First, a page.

Cultural Diversity of Ford Motor Company Employees
The rise of multinational companies and increased global diversification by even small companies has resulted in people of diverse backgrounds and cultures working together in the same office or for the same
organization. Conflict in such situations is predictable, but understanding the diversity issues can help companies implement programs designed to keep conflict at a minimum and to take full advantage of the many benefits which such diversity brings to an organization. Key to understanding how diversity is managed in multinational organizations is understanding the concept of corporate culture (which defines organizations), ...view middle of the document...
This revolutionary event in American business created a new middle class and established Ford as one of the first American companies to truly reflect the growing diversity of the United States.
• By as early as 1916, Ford employees represented 62 nationalities and every major world religion.
• By 1919, there were enough Ford employees of Middle Eastern descent in the Detroit area to support a Muslim mosque — the first to be built in the United States.
• Ford also employed more than 900 people with disabilities. We were one of the first companies to adapt work environments to their needs.
• Ford first African-American salaried employee, Eugene J. Collins, was hired in 1919, despite a segregated America.
• By 1920, Ford employed more African-American hourly workers than any other automotive company.
• Ford first collective bargaining agreement with the United Auto Workers in 1941 was groundbreaking because it explicitly prohibited discrimination based on race, color, national origin or creed.
• By 1946, gender was added to the non-discrimination clause, prompted by the entry of women into the work force during World War II.
• Ford middle years produced a number of firsts, including the first African-American and female executives.
• In 1967, Henry Ford II proclaimed that dealers and suppliers are valued members of the extended Ford family.
• In 1969, the company’s first plant forewoman was promoted.
• In 2005, Ford names Anne Stevens, executive vice president and chief operating officer of The Americas. She is the highest ranking woman in the automotive industry.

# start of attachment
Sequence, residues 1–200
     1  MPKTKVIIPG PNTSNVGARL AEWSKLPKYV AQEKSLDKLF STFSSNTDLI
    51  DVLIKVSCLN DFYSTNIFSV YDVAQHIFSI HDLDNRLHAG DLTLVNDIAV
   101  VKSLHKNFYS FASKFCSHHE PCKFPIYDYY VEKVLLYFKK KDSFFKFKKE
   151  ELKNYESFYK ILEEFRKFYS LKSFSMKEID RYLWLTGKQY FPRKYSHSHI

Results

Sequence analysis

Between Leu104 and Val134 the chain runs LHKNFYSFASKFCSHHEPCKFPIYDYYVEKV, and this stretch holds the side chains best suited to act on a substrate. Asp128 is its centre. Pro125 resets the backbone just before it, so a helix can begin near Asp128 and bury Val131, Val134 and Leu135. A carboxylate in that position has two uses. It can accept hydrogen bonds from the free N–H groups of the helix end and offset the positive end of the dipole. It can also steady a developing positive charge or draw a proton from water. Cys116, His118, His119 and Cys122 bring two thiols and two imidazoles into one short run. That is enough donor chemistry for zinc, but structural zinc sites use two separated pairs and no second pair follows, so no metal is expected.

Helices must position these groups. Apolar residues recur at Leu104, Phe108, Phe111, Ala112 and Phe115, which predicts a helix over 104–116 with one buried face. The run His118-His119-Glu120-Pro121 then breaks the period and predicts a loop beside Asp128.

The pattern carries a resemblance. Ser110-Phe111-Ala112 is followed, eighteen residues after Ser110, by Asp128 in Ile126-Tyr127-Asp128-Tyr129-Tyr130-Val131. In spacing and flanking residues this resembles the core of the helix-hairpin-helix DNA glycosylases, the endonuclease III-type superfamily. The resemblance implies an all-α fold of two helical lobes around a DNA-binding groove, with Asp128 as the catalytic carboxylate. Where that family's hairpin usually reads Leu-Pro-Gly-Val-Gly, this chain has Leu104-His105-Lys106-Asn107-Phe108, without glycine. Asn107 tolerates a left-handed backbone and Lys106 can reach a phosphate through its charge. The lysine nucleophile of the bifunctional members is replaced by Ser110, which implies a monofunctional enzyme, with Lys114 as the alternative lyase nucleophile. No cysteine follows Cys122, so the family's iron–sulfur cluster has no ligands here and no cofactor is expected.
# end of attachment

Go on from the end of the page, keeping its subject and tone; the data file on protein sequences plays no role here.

Today, Ford is as diverse as the world itself, providing an exciting portfolio of cars and trucks to customers in 200 markets around the world.
Defining Diversity and Its Values
Diversity literally means variety, and embracing workplace, diversity means welcoming the full variety of society: different races, ethnicities, cultures, genders, sexual orientations, religions, ages, abilities, education, beliefs—any characteristic that distinguishes groups of people. Offer equal opportunities to all people, regardless of these factors, is simply the right thing to do, and part of being a responsible corporate citizen. Accordingly, ford motor company has long maintained non-discrimination policies and actively measures its progress in creating and promoting a diverse workplace.
But diversity also supports and strengthens business. Welcoming a wide range of people into the company opens up a bigger pool from which to find the best- qualified candidates. And diverse working teams bring together different ideas and perspectives, challenging one another for the best results. Moreover, in this global economy, having many different groups represented within the company helps make its products and services more appealing to costumers who are members of those same groups.
Diversity embodies all the differences that make us unique individuals. Not limited to physical aspects of race,...